2014-01-18 09:30:52 AM  
2 votes:

jfarkinB: Where was I? A place that I don't like revisiting, but I get dragged back to every time I come across something like this. It's right next to 9/11 Place, and a bit down the street from "she's been in an accident. I'm heading to the hospital now".

Fark.


Internet hug.
2014-01-18 09:13:53 AM  
2 votes:
Where was I? A place that I don't like revisiting, but I get dragged back to every time I come across something like this. It's right next to 9/11 Place, and a bit down the street from "she's been in an accident. I'm heading to the hospital now".

Fark.
2014-01-18 09:11:35 AM  
2 votes:
I missed it because I had late classes that day at college. Found out when I turned ob the TV before I left for campus.  Never saw a major university campus that quiet.


Oh, and:

OnlyM3: 7 dead.... 0 held accountable.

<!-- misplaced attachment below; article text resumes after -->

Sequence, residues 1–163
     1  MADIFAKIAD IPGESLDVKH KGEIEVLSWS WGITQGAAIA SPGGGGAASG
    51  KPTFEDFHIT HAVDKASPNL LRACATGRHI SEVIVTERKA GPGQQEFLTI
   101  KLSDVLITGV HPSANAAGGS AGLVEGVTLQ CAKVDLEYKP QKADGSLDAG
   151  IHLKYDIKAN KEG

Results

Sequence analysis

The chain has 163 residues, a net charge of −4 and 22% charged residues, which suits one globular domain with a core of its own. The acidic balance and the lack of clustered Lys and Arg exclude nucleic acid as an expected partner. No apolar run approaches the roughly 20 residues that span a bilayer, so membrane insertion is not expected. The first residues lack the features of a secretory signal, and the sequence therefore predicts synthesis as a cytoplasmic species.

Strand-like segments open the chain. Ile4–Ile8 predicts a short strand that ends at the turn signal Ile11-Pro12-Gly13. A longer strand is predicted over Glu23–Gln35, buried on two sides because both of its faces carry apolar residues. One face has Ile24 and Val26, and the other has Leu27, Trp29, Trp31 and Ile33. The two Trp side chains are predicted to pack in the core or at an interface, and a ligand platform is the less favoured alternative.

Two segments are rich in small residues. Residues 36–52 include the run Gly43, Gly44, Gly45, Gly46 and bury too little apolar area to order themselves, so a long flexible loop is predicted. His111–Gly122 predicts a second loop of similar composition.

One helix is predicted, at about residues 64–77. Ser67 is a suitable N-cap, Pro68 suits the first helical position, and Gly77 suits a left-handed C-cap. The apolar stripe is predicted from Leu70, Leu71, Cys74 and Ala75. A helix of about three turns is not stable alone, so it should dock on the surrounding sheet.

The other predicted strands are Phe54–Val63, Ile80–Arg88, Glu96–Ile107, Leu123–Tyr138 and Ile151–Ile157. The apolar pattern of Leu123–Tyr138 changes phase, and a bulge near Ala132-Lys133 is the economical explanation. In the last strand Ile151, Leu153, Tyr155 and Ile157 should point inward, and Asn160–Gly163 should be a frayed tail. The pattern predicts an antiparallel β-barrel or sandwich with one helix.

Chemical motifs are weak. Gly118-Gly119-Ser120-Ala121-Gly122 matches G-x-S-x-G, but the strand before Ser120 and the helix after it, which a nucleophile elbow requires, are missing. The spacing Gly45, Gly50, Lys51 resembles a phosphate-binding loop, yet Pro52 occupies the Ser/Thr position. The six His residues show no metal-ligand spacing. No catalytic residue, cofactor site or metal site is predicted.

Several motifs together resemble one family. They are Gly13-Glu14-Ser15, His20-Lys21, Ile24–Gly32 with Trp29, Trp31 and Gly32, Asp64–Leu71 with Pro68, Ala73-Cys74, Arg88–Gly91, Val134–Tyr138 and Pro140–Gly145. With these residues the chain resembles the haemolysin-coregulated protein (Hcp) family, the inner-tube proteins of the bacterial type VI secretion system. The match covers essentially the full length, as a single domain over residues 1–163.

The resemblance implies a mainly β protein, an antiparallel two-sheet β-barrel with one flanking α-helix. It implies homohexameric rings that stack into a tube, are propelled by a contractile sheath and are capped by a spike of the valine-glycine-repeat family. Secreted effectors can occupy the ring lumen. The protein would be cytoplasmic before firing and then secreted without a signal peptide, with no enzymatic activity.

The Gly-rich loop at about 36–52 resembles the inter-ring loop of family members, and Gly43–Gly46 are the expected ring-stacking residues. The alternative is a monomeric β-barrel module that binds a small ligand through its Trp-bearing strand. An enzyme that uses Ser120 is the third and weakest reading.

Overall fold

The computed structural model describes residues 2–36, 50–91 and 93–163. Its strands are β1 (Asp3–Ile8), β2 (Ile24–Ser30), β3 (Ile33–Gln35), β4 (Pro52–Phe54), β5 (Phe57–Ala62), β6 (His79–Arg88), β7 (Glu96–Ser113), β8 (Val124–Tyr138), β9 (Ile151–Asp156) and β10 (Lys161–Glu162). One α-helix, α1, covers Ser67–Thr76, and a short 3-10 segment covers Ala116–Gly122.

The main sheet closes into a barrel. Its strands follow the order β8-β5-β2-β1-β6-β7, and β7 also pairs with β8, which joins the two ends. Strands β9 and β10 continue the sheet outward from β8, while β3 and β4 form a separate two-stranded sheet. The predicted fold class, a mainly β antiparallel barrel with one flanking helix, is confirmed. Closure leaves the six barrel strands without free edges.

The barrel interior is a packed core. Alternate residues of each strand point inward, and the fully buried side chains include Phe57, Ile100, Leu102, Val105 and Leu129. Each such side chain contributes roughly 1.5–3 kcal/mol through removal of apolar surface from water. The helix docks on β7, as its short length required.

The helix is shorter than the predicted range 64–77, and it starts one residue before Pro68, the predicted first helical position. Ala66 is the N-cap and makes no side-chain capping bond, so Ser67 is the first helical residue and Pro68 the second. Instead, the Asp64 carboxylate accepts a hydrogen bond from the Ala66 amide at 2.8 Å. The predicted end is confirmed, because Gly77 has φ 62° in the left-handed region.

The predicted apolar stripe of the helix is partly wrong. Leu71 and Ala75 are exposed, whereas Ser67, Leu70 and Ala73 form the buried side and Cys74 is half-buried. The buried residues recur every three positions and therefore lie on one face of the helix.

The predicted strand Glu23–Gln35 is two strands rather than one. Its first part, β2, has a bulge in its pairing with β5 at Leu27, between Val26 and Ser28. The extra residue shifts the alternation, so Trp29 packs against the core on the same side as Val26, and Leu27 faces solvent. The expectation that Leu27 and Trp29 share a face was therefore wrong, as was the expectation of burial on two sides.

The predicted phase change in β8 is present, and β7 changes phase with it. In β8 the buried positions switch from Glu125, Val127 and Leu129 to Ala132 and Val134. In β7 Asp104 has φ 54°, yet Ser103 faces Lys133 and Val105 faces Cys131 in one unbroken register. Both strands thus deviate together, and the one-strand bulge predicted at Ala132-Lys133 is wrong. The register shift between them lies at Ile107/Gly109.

NASA repeated the trick of knowingly killing 7 when they returned Columbia.


Go fark yourself.
2014-01-18 09:03:15 AM  
2 votes:

Unobtanium: That's right. I was listening to the radio. They covered up until it cleared the pad, then had to break back in when everyone realized something had gone wrong. We were reminded that day, as we were 17 years later, that manned space flight is still something of an R&D program


I still find it astonishing.  25-30 years ago manned space flight was in its infancy and the nation was captivated every time a launch occurred.  There was so much promise.  Now, the US doesn't even have a manned spaceflight program and no one even knows when missions launch.

Sad.
2014-01-18 08:20:36 AM  
2 votes:
I was a teenager, watching it live, unprepared for it to get sickening.

I remember what seemed like a rather long time when I was thinking "ummm....this...seems very wrong...." but the commentators weren't really saying much.

Later I would watch the events of 9/11 unfold live on tv from beginning to end, and despite the obvious differences I'm left with this sense of a farked-up set of bookends.
2014-01-18 09:39:48 PM